At this past year’s National Homebrewers Conference I had the chance to try a couple of beers showcasing Briess Malting’s new Carapils Copper malt. While it seems hard these days to get folks excited about anything that’s not over-the-top hoppy, sour, or barrel-aged, I was genuinely impressed by said beers. The malt had a subtle bready character backed up by a soft toasty quality that I found unique and appealing. While these descriptors sound pretty generic, this malt had a unique character that was subtle yet different from what I’d expect from similarly colored crystal or kilned malts.
Wanting to get a chance to use this malt—and eyeballing some leftover Mosaic hops in my freezer—I decided to formulate a hoppy pale ale that would perhaps test the specialty malt’s ability to stand out in an intensely hopped beer.
Cryo Hop Pale Ale Recipe
Size: 3.25 gal
Original Gravity: 1.055
Terminal Gravity: 1.010
Color: 11.46 SRM
Alcohol: 5.98% ABV
Bitterness: 30.6 IBU (does not account for whirlpool isomerization)
3.25 lbs. (40.6%) Briess 2-Row
3.25 lbs. (40.6%) Crisp Maris Otter
0.75 lbs. (9.4%) Weyermann Vienna
0.75 lbs. (9.4%) Briess Carapils Copper Malt
150°F – 60m
Extremely Soft NYC Water
3 g. Gypsum (to mash)
3 g. Calcium Chloride (to mash)
10 g. Warrior (16.2% AA) – 60m
16 g. Centennial (10.4% AA) – whirlpool 15m
33 g. Chinook (11.6% AA) – whirlpool 15m
80 g. Mosaic (12.8% AA) – dry hop 3 Days
0.5 ea. Whirlfloc Tablets (Irish moss) – 15m
0.5 tsp. Wyeast Nutrient – 10m
Wyeast 1056 American Ale
Judged as a BJCP 18B American Pale Ale
Medium-plus hop nose with aromas reminiscent of pine resin, mango, and some pithy citrus. The hop is slightly grassy and vegetative. Beyond the hops lies a subtle malt toastiness that is trying to make itself known beneath the more boisterous hop components.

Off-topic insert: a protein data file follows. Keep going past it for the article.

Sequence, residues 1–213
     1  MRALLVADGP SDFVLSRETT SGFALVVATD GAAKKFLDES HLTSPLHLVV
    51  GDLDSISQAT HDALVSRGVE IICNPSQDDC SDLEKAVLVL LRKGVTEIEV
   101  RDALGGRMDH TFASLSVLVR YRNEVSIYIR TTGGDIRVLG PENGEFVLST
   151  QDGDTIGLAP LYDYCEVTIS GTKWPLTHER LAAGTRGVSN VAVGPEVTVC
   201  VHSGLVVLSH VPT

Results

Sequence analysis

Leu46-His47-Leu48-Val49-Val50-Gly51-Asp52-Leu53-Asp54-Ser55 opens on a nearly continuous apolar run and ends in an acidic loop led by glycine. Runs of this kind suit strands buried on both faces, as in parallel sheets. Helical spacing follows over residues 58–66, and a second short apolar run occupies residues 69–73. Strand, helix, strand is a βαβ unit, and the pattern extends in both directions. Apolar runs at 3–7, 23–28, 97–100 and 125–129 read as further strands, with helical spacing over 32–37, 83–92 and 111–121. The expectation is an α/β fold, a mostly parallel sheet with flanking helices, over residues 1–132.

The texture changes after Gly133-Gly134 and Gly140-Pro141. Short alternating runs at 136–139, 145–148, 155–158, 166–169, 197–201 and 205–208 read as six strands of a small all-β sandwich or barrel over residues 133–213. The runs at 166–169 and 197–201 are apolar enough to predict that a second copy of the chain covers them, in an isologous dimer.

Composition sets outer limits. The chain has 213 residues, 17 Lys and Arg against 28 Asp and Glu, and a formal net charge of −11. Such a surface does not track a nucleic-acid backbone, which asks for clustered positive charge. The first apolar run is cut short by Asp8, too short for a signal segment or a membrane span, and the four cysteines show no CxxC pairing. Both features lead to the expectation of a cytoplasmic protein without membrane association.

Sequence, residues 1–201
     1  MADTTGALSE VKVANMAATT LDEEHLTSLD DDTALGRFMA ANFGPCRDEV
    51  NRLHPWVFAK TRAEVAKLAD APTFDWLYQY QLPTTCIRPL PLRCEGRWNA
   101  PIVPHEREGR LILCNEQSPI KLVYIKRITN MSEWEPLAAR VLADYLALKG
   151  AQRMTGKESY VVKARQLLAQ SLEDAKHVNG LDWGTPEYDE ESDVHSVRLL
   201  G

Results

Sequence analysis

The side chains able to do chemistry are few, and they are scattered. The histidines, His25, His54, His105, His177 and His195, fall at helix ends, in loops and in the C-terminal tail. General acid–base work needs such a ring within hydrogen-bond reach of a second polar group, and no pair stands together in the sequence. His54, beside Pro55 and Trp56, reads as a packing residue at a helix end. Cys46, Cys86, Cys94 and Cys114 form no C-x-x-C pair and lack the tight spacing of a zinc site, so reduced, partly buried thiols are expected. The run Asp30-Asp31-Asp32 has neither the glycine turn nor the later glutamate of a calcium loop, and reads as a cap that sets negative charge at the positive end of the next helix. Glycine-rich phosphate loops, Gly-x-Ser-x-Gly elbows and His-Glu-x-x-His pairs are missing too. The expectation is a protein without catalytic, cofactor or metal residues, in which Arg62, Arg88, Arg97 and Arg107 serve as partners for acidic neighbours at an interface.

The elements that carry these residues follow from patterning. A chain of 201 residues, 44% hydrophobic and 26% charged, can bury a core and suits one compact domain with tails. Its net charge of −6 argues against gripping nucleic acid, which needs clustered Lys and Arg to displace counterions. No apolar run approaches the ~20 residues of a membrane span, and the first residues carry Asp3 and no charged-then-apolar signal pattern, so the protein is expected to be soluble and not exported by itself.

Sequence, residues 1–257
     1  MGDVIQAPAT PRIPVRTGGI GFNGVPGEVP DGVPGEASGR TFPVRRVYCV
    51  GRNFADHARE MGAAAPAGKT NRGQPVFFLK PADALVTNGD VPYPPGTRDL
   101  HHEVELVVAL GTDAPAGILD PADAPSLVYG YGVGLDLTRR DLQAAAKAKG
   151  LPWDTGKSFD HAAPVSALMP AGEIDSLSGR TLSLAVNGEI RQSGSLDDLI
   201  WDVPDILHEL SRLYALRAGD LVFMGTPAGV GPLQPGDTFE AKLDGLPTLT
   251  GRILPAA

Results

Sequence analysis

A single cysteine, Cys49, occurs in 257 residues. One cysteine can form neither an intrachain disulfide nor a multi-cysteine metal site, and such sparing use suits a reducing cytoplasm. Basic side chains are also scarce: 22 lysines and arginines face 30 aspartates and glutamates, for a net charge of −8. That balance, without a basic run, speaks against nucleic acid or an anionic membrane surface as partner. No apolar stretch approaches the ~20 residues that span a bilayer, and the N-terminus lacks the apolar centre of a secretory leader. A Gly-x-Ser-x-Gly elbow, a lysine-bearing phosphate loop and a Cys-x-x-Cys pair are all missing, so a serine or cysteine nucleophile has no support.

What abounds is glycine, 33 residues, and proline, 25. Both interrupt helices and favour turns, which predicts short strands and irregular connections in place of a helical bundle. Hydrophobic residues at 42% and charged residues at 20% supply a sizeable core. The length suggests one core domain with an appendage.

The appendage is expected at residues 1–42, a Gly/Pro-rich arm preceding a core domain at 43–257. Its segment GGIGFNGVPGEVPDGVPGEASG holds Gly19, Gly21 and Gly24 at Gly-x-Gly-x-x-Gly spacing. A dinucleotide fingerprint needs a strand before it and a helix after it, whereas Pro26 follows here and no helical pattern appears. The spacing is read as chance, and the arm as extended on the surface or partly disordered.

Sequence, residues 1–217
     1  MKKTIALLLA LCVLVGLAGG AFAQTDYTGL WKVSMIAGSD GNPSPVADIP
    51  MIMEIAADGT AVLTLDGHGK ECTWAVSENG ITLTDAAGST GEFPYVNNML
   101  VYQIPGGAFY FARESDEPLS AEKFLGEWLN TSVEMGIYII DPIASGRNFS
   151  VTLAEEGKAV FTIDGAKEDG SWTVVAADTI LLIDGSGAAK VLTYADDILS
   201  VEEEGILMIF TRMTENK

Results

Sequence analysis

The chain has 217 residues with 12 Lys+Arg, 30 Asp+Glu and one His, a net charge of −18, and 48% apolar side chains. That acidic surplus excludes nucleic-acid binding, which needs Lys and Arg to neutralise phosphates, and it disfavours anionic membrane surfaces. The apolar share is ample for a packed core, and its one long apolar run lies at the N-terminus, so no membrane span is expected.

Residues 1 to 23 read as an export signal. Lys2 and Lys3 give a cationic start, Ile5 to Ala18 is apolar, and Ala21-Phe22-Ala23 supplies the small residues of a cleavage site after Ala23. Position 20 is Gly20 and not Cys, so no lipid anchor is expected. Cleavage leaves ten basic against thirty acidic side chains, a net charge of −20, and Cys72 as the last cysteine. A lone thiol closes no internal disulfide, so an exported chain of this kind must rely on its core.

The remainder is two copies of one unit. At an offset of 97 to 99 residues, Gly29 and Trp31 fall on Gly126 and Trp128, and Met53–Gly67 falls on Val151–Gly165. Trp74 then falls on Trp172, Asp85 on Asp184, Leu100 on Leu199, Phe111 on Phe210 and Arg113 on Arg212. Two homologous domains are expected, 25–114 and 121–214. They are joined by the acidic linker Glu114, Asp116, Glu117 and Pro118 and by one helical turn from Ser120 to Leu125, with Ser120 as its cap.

The beer is deeply golden, bordering on copper. There is just a whisper of haze, somewhat remarkable considering the amount of dry hop that went into the beer. There is a large white persistent head that leaves lacing all the way to the bottom of the glass.
The flavor showcases a very hop-forward balance heavy on pithy grapefruit, pine, and just a touch of tropical fruit. This beer illustrates the variability in character that is common with hops, especially for homebrewers and small commercial brewers that are unable to cherry pick their hop selections. My previous experiences with Mosaic were much more tropical and fruity than what I experienced with this beer. Beyond the hops lies a subtle malt character that has some intriguing toasted bread crust and biscuit flavors. There is not a whisper of caramel sweetness—something I try to avoid in my pale ales. There is a light minerality that intensifies the moderate amount of hop bitterness. The beer is very dry and balanced.
The beer features a medium-to-low body. This is a crisp and refreshing beer. No hop astringency or other unpleasant mouthfeel components.
Overall Impression (7/10):
This is a really nice beer. The hops I used were a bit old and not as bright and fruity as I would have hoped from such a heavy dosing of Mosaic. Finding an appropriate malt balance seems to be a perpetual challenge when brewing American Pale Ale. The trends in APA have been moving towards minimizing malt while driving up hop aromatics and flavor. This beer strikes an excellent balance by creating some nuanced malt character that is toasty and dry without detracting from the hop character or burdening the beer with heavy, sweet caramel flavors.
Very Good (36/50)